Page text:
While Aunt Sally and her straw man continue to bicker about just how much extra competition Mr Lansley is or isn’t introducing into the NHS, a genuine real life policy question demands answering.
Southern Cross – the UK’s largest care home operator – faces, in the words of its own chair “a critical financial position and cannot afford to meet its future rent obligations in full”. Not great news for its 31,000 frail and disabled residents.
On one side – made much of by the company itself – are the years of real terms freezes in the rate councils pay for care home places. But the company’s detractors also draw attention to how it sold on its property freeholds during the housing boom, now leaving it hostage to unaffordable rents.
In financial and social care circles, speculation is rife that the government will need to step in.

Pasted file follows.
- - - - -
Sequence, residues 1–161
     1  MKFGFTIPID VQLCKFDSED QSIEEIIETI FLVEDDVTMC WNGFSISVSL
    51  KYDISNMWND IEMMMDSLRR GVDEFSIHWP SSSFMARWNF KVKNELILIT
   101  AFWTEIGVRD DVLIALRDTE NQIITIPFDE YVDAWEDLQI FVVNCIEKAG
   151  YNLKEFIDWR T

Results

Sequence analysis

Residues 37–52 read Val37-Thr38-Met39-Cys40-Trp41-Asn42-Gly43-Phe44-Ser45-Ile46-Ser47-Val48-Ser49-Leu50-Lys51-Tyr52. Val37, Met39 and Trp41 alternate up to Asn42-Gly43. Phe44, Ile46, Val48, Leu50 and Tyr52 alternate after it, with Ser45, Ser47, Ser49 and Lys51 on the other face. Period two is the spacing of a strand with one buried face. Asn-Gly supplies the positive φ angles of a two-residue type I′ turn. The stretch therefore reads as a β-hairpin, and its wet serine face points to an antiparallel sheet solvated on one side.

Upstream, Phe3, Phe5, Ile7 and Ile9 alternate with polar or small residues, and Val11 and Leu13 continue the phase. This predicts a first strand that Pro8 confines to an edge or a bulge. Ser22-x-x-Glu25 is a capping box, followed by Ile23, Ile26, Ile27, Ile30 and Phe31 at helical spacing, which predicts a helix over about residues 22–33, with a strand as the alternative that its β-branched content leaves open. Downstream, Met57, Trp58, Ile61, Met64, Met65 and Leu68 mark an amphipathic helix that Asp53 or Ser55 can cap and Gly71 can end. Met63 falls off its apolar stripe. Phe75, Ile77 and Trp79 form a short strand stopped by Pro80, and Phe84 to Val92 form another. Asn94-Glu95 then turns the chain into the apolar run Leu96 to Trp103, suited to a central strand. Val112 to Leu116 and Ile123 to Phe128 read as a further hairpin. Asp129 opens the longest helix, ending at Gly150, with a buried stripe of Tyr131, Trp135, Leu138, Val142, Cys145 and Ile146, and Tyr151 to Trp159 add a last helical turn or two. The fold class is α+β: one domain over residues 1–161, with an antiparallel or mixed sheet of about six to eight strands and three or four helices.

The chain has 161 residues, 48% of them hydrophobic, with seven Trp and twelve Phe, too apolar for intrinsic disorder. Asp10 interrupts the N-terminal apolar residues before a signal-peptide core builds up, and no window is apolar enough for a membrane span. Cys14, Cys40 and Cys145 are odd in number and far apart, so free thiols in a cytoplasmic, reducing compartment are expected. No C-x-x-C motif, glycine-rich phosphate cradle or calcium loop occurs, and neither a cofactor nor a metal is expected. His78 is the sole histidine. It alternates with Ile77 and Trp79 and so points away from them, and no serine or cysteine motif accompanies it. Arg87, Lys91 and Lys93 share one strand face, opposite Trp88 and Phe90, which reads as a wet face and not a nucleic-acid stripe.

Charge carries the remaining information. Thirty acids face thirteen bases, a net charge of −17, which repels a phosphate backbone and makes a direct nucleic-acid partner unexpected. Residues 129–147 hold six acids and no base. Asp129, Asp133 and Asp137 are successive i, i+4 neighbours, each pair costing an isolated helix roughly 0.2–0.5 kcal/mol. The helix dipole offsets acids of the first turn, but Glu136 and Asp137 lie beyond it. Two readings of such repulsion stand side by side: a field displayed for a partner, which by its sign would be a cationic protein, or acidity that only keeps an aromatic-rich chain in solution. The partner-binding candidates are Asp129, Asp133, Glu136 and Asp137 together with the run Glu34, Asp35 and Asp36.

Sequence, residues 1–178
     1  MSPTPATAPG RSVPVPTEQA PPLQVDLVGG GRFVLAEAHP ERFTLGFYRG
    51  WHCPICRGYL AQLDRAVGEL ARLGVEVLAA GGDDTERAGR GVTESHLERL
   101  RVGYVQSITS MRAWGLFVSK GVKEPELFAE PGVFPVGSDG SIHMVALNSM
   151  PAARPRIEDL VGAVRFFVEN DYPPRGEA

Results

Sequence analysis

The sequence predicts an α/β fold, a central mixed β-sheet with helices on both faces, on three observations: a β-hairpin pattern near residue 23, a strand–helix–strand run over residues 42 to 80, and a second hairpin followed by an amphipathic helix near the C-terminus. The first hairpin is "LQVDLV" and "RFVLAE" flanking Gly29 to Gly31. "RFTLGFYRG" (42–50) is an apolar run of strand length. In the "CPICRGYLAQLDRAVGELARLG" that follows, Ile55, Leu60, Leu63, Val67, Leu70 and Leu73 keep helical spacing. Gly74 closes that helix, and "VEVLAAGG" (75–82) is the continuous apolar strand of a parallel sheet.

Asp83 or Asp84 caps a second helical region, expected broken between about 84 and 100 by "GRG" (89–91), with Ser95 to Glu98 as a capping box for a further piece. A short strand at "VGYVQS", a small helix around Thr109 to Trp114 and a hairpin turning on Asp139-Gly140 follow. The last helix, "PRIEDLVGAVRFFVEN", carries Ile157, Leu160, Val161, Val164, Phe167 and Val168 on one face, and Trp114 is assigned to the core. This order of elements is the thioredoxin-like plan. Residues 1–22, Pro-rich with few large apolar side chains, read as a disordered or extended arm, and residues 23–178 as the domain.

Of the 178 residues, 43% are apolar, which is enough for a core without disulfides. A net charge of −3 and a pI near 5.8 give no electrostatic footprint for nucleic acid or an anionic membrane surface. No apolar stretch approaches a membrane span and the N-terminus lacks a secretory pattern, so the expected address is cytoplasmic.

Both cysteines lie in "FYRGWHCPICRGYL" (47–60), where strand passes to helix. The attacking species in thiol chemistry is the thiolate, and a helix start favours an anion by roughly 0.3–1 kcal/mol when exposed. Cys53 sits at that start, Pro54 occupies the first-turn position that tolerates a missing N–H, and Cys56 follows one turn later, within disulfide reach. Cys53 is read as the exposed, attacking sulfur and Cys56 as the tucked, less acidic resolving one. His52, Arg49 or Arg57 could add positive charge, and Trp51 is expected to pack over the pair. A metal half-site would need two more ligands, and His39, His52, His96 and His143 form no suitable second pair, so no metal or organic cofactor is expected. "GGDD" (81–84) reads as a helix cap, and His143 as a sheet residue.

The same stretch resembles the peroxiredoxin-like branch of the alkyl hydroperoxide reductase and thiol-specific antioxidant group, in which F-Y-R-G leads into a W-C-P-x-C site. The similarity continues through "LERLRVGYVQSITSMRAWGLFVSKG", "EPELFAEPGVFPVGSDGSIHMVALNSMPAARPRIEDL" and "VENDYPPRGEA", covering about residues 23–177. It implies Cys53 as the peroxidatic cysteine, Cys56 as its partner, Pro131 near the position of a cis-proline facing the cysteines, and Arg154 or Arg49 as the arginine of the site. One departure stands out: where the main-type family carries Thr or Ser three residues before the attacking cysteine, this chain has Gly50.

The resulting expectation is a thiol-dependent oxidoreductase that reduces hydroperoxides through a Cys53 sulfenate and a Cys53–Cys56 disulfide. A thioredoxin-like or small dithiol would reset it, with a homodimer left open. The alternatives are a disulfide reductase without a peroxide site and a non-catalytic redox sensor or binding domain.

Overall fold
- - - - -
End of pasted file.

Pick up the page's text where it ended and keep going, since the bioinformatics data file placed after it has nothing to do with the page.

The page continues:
But there’s intrigue for the NHS here too: after all, the vague phrasing in the white paper and bill has been taken by many to imply social care providers will also be subject to the economic regulator.
Enter, in that case, our friend the “additionally regulated services” clause in the white paper, which killjoys have seen fit to rename “additionally licensed services”.
The clause will in effect ensure the current restrictions around NHS hospitals borrowing against or disposing of their assets continue to apply to a narrower set of designated “essential” services.
Leaving aside the inevitable debate about which accident and emergency departments are essential and where that leaves choice and competition, the Southern Cross situation poses the tantalising prospect of the regulator designating a private provider as essential.
In a world – possibly quite far off – where the Health Bill is law, would Southern Cross have been allowed to both flog off its freehold and remain licensed to provide care services? If not, what other option would have been open to shareholders to expand the company’s business?
Sally Gainsbury is a news reporter for the Financial Times.